Last year, Mind Foundry worked closely with Professor Brent Mittelstadt (of the Oxford Internet Institute) to get a deeper understanding of the law, policy, and standards in development surrounding machine learning. The output of this work was an in-depth research paper highlighting the key aspects of machine learning governance. This 4-part blog series summarises some of the key points from that paper to give a flavour of the most pressing problems in AI governance and some of the solutions that Mind Foundry are developing to solve them.
Professor Brent Mittelstadt of the Oxford Internet Institute is the author of highly cited works across the topics of fairness, accountability, and transparency in machine learning and the auditing of automated systems.
Part One: What makes a machine learning model trustworthy?
Global interest in artificial intelligence (AI), machine learning (ML), and algorithmic decision-making has grown enormously and rapidly in the past decade. Amidst the excitement around the possible benefits of these technologies, considerable interest has simultaneously grown around their impacts and risks for society. Machine learning model malfunction or failure can have catastrophic consequences, especially in the context of high-stakes applications.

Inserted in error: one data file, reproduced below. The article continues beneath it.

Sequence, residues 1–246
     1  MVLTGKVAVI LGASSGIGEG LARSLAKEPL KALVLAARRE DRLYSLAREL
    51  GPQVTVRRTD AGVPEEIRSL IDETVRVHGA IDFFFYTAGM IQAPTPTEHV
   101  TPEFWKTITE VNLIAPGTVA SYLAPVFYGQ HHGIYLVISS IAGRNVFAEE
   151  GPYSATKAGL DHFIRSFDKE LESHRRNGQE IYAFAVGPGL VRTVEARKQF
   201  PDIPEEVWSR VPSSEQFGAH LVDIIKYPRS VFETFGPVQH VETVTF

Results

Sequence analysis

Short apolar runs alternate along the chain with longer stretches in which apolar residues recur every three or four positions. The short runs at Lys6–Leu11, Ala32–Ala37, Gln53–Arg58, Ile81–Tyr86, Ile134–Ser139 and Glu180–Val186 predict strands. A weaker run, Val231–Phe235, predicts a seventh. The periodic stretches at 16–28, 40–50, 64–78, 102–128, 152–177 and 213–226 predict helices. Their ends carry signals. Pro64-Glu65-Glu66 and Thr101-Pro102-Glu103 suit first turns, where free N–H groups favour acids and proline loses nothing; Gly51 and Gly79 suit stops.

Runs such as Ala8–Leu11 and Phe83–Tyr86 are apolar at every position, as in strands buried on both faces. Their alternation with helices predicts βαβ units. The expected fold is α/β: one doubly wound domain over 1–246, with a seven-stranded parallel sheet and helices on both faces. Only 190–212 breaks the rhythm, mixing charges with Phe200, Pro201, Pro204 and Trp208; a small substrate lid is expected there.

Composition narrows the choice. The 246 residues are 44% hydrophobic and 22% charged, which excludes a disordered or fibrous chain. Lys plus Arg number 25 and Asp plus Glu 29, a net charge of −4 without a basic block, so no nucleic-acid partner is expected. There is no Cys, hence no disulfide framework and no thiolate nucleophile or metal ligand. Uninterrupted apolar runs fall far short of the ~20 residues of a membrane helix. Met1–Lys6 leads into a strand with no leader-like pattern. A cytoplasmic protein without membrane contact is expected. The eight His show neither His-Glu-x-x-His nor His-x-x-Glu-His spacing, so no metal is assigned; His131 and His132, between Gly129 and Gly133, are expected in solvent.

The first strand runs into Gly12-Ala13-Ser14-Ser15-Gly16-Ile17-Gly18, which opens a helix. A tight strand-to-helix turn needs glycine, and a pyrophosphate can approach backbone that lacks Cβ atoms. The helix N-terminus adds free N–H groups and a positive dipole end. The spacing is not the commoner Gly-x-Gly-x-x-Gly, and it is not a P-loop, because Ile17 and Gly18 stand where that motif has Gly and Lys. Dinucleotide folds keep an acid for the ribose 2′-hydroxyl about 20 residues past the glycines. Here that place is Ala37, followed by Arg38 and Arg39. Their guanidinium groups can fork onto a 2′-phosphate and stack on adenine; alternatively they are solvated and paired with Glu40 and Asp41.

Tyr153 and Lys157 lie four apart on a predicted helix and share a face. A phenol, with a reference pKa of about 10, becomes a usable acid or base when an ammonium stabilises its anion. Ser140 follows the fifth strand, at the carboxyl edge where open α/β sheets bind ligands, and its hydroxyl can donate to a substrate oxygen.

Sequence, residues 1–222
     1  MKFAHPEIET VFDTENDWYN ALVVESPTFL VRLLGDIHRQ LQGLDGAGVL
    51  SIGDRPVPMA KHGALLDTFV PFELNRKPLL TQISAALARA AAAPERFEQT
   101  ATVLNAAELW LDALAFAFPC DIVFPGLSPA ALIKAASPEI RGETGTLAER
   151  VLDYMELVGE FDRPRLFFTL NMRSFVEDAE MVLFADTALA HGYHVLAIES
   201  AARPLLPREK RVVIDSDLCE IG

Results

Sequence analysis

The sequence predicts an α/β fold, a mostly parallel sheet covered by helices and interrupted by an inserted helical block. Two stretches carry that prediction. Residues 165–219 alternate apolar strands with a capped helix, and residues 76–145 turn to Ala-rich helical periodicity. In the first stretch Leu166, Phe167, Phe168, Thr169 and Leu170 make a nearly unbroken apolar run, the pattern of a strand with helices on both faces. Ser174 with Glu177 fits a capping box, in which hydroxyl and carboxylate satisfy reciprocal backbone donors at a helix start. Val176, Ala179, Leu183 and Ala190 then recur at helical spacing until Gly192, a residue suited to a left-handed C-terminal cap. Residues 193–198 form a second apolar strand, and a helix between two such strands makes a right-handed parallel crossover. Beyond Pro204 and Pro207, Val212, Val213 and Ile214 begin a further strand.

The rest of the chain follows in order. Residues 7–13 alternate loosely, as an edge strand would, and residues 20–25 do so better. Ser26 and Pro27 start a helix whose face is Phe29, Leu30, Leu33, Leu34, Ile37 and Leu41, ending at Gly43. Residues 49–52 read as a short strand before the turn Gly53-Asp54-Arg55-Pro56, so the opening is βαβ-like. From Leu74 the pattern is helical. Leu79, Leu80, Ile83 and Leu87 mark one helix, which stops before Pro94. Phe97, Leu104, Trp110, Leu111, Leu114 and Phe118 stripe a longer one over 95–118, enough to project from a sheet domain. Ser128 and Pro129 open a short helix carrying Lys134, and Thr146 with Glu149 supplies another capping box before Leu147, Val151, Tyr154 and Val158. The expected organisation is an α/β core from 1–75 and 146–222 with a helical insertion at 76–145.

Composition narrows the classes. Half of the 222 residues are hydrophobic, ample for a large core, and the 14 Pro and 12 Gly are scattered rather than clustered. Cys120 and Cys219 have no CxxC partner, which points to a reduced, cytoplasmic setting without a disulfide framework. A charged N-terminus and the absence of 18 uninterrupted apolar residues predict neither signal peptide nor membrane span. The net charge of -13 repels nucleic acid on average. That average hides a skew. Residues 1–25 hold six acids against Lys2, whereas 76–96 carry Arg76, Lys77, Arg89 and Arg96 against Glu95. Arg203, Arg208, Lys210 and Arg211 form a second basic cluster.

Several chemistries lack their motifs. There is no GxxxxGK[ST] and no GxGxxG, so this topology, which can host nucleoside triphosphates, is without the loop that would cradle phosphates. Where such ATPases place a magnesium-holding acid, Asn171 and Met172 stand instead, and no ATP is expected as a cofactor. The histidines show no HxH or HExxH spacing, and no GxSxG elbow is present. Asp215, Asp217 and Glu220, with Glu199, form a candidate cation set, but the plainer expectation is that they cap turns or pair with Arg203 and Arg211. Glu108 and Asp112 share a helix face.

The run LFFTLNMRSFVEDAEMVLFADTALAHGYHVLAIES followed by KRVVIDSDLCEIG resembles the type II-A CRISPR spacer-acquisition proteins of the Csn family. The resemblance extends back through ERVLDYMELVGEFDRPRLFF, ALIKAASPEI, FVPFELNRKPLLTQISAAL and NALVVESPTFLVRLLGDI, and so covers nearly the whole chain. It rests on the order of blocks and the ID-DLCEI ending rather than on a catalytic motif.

So, what does it mean for a model to be ‘trustworthy’? How can we deploy a model in the confidence it will perform as intended? Or at least that the necessary escalation will occur to fix the issue?
Taking a broad view, outside of machine learning, going to the core elements of trustworthiness, University of Oxford trust expert Rachel Botsman highlights how within human interpersonal relationships, there are two axes which influence how trustworthy we deem a person: (1) in ‘how’ individuals do things: competence and reliability; and (2) in ‘why’ individuals do things: integrity and empathy. Despite these traits being used to describe trustworthiness within individuals, these facets apply to how we might deem AI models and AI agents trustworthy.